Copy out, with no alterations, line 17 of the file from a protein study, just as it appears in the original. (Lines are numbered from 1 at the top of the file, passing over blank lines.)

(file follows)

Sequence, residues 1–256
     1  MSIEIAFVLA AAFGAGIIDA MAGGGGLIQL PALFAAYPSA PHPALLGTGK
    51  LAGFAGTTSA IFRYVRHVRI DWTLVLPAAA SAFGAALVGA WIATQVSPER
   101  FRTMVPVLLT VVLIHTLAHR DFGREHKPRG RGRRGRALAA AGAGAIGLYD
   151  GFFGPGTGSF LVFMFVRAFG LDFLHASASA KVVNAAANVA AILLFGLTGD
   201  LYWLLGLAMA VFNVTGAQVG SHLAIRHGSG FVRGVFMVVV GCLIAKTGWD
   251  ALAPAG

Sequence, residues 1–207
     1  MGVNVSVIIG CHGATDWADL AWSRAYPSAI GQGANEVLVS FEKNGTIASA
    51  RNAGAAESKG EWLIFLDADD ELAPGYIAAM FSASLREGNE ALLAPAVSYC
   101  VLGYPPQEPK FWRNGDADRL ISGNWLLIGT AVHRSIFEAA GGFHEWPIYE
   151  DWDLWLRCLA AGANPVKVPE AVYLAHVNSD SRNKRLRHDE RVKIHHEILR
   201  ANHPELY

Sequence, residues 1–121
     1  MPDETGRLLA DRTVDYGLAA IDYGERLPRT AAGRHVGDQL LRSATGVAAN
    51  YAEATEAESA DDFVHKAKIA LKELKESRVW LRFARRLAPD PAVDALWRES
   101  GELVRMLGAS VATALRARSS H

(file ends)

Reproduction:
   101  GELVRMLGAS VATALRARSS H